As for .NET 4.0: we are not too far from having the core be 4.0 compliant, it is a nice upgrade to the solid 3.5 release. For instance, our C# compiler is already a full C# 4.0 compiler, and we already provide features that Microsoft wont offer until 5.0 (embeddable, reusable compiler, see C# REPL).

Moonlight is behind Silverlight, but I am not driven by despair, I am driven by the world of possibility. If I were driven by despair, I would not have written a single line of code.

If Silverlight never succeeds, then who cares how behind Moonlight is. But if Silverlight succeeds, and Linux users want to access that content, but the feature is either broken, not implemented or missing in Moonlight, those users will be in a position to contribute the code, and everyone wins.

Comment Removing the GPL code. (Score 5, Informative) 443

We removed the GPL code in MonoDevelop for a couple of reasons:

(a) to allow it to become a platform that third-party plugin and add-in developers can target.
(b) to allow us to consume open source code that would otherwise conflict with the GPL (MS-PL licensed code, Apache licensed code, and original BSD licensed code).

Notice that (a) is the norm for Eclipse and Visual Studio, and that the ecosystem of third party plugins relies on this, both Eclipse and Visual Studio would be severely limited if they limited the plugins to be all GPL licensed. As I explained on the blog post, there are current users that need to run their non-GPL code inside the IDE.

We want more third party developers to target MonoDevelop, and we want these third parties to consider MonoDevelop a platform that they can target without forcing a license on them. Similar to how the Linux operating system can run code licensed under any license.

The second reason is just a practical one. In the .NET open source ecosystem there are plenty of libraries and tools available under the MS-PL, Old and New BSD and Apache 2 licenses and we want to be in a position to use those libraries without rewriting it. We already do, and it has saved us a lot of time.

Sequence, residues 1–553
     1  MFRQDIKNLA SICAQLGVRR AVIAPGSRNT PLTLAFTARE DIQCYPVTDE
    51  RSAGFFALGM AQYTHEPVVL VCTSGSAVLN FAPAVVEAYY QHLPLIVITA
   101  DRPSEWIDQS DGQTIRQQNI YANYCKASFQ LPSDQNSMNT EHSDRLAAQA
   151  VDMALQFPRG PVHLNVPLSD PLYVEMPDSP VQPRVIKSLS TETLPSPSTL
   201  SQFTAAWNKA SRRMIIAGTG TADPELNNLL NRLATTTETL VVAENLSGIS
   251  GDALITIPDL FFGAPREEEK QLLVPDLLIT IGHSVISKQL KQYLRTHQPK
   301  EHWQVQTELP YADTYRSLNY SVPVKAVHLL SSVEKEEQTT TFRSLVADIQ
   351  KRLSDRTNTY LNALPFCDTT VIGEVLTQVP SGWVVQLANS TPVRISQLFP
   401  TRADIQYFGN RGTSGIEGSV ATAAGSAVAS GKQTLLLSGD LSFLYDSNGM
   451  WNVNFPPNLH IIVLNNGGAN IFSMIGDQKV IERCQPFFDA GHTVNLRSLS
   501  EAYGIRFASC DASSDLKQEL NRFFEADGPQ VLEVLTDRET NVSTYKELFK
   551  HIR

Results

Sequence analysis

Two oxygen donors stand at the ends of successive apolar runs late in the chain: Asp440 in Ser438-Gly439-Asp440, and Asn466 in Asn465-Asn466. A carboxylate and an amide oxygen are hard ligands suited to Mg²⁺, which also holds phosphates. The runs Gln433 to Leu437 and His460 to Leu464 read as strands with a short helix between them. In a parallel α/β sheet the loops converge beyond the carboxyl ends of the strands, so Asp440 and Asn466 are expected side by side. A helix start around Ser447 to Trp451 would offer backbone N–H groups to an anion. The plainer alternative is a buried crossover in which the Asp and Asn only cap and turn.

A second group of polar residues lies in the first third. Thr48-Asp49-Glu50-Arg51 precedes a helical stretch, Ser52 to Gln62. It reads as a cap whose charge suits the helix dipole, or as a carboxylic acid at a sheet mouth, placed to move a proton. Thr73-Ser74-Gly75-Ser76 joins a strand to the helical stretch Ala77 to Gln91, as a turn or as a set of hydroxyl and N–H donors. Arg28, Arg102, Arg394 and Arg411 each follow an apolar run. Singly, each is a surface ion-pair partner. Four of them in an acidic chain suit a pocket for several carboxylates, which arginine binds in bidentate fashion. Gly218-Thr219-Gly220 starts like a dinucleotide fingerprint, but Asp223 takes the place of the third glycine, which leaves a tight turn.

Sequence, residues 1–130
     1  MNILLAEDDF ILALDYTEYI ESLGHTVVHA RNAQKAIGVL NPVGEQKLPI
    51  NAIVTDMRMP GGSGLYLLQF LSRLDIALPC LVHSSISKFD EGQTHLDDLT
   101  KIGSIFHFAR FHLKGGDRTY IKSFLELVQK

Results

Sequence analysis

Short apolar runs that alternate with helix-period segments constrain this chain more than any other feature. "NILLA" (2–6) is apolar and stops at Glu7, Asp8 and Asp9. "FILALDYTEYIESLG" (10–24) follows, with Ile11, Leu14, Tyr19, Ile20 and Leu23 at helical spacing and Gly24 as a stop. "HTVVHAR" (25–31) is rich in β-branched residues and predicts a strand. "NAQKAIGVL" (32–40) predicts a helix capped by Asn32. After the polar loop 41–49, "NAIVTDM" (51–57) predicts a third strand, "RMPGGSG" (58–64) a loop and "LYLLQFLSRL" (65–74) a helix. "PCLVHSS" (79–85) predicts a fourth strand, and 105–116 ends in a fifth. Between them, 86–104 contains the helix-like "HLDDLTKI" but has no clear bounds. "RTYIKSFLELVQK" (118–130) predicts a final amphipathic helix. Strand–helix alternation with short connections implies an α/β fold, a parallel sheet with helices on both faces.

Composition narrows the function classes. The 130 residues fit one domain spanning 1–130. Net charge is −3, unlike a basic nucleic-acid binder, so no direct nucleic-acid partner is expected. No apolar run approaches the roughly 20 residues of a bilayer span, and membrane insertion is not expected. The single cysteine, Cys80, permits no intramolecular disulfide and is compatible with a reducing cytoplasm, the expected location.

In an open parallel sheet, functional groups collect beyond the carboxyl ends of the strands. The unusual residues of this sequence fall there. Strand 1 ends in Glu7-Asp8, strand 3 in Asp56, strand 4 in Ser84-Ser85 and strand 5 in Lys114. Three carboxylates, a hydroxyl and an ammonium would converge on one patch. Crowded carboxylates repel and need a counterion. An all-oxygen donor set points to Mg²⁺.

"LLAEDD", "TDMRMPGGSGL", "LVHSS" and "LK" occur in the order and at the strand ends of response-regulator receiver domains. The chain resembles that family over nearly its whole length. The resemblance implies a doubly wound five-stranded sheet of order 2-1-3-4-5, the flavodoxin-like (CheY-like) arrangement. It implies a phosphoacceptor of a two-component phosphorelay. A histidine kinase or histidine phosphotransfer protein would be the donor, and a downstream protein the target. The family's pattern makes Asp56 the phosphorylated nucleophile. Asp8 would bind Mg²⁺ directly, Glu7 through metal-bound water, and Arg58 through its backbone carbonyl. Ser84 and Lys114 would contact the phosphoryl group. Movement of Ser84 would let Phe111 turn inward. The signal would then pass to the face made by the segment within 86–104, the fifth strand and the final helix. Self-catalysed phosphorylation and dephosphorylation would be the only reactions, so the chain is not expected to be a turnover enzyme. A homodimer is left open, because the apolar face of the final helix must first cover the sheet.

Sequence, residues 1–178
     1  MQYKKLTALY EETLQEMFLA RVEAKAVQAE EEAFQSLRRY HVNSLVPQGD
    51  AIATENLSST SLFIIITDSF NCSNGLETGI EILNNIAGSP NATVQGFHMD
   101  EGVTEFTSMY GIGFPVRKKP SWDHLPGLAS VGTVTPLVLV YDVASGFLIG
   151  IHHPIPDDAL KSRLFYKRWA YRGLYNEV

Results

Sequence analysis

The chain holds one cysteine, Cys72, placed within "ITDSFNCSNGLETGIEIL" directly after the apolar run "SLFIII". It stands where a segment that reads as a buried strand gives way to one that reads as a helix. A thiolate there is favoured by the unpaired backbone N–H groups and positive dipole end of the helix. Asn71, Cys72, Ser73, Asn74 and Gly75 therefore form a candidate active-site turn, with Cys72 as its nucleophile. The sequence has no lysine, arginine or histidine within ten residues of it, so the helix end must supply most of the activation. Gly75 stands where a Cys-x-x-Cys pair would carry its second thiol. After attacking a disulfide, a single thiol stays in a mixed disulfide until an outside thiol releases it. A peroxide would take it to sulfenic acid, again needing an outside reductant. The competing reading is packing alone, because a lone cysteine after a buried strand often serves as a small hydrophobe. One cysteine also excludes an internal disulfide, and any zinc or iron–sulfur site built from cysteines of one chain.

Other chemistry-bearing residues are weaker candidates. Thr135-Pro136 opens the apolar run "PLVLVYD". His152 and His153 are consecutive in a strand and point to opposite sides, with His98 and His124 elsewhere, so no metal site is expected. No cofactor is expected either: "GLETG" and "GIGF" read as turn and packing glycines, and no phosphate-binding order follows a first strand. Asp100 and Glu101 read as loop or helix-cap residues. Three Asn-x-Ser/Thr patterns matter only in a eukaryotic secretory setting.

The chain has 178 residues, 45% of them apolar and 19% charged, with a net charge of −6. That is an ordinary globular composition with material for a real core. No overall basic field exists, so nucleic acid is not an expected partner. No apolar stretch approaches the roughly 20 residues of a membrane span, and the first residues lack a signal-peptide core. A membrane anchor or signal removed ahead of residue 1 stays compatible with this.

Comment Re:spending time on opportunities ? (Score 5, Informative) 747

I work on Mono, because I like it. If you want to learn more about my goals, you can read this old post:

http://www.mono-project.com/Mailpost:longreply

As for CodePlex: it turns out that there are two entities: CodePlex.ORG (owned by the Foundation) and CodePlex.Com (Owned by Microsoft, and has no affiliation with the foundation).

It is beyond unfortunate that the Foundation adopted the name from the hosting site. The logic apparently was "It is already a known brand". In my opinion, moving ahead with this name was a terrible decision as it is incredibly confusing, a point that I have raised with the board of directors.

The CodePlex foundation has no control over the contents of CodePlex.com.

Comment Re:H.264 licensing (Score 3, Interesting) 335

Not many sites used Silverlight 1.0, because to begin with, barely any sites used Silverlight 1.0.

1.0 did not include the .NET runtime, for most people it was just a javascript plugin that did audio and video. Silverlight only became interesting with 2.0 (this is what we were drawn to when Silverlight 1.1 was announced).